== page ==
Rather fortuitously, my brother and his family came to visit at Easter and when my brother’s partner learned that I’d been sent all this tea and was feeling a bit overwhelmed about tasting it properly, she sprang into action.

She made a cup of each of the eight English Garden teas and labelled the brews with their packaging:

She then brought me, my mum and my brother (who were lounging around chatting) each tea in turn, and recorded our scores out of 10, as well as recording her own. Each tea was tasted black, to keep things on an even keel (ignoring my dear mama’s repeated comments of the ‘I’d like this if it had milk in it’ variety).

Later on, my dad and my sister appeared and also tasted the teas, marking down their scores on the little pieces of paper that had been provided for the purpose:

Before tasting I had my own ideas about which teas I’d like best; my preconceptions were overturned quite spectacularly.

The eight teas were:

Assam

Camomile

Darjeeling

Earl Grey

English Breakfast

Green

Lemon

Being an enthusiastic consumer of black teas, but rarely venturing into herbal arenas, I assumed that the black teas would be those I’d prefer. I was pretty much convinced that two of my most frequently chosen beverages – Assam and Darjeeling – would top my list of English Garden teas.

Here, however, was the order in which I liked them, with my score out of 10 in brackets:

Earl Grey (9)

Camomile (9)

Peppermint (8)

Darjeeling (7.5 – I just couldn’t decide on 7 or 8)

Green (4)

Lemon (4)

Assam (2)

English Breakfast (1)

There were many views and comments on each tea and although on some occasions other people completely disagreed with me (rather shocking, since when I taste a tea and make a pronouncement about it I assume I’m right), I was delighted to witness the passion with which each taster spouted their own opinion.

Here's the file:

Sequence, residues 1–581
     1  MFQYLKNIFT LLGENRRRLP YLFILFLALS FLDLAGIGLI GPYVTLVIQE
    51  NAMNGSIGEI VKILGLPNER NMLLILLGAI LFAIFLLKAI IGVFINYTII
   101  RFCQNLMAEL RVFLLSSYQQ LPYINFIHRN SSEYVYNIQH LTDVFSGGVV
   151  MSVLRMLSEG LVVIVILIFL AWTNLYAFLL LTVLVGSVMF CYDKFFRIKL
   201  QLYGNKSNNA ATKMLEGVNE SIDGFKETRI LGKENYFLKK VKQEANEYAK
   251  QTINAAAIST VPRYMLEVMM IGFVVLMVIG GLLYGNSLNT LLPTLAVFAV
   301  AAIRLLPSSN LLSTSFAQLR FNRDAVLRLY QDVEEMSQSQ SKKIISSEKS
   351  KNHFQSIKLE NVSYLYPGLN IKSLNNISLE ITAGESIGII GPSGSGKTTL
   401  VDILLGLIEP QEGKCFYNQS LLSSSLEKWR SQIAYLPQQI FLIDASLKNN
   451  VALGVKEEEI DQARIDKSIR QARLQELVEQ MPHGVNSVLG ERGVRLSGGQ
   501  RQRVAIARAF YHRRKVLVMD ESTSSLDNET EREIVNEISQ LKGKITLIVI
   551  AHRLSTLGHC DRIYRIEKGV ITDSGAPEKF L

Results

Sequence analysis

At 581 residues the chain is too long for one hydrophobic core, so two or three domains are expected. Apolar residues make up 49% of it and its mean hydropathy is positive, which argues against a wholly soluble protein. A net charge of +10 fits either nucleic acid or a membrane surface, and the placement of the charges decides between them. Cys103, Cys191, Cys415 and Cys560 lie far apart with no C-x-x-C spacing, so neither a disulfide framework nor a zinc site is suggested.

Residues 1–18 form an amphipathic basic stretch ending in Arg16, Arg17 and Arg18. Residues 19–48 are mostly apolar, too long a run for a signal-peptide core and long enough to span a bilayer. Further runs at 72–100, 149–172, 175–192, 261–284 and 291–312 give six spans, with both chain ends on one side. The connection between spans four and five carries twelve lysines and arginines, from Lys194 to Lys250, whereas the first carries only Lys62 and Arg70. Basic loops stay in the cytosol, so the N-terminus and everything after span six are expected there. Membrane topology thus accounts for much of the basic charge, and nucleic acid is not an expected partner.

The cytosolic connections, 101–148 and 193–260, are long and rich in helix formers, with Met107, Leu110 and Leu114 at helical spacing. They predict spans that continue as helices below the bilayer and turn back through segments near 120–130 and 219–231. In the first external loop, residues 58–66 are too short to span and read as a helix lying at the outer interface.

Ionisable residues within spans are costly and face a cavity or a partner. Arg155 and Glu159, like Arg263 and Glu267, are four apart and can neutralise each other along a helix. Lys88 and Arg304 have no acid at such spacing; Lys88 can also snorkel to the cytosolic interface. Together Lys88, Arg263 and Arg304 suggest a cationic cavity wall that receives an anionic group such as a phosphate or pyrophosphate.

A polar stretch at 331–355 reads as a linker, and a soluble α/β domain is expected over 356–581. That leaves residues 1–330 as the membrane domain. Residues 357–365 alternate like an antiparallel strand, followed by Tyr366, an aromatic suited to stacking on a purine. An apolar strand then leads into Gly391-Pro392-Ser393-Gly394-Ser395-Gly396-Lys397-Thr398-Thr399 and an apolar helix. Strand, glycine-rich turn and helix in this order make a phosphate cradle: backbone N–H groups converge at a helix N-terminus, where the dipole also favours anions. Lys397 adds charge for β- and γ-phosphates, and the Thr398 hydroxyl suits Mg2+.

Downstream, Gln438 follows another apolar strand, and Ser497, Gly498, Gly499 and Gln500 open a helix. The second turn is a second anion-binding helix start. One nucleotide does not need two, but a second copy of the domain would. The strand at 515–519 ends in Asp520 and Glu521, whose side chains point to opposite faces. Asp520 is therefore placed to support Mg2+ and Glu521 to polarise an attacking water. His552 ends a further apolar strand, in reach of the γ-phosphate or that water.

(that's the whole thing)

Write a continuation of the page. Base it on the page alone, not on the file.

9 was the highest score given for any tea (2 scores of 9 for Camomile), and 0 the lowest (1 score of 0 each for Camomile, Earl Grey and Green).

I didn’t attempt to guess the outcome prior to tasting, but if I had I certainly wouldn’t have put any money on peppermint coming home in a blaze of glory.

This is the order in which they were rated, with a score out of 60 in brackets (6 tasters each scoring out of 10):

Peppermint (37)

Camomile (33)

Earl Grey (31)

Lemon (30)

Assam (30)

Green (27)

Darjeeling (27)

English Breakfast (25)

Tasting tea is all very well (and it is, to my mind, an excellent way to pass a Saturday afternoon), but sooner or later one needs a bit of stodge to balance out all the liquid.

What with it being Easter and all, I had baked a Simnel cake (which, for anyone not in the know, is a fruit cake traditionally decorated with marzipan and with a secret layer of marzipan in the middle of the cake; the marzipan on top is often browned under the grill or with a blow torch):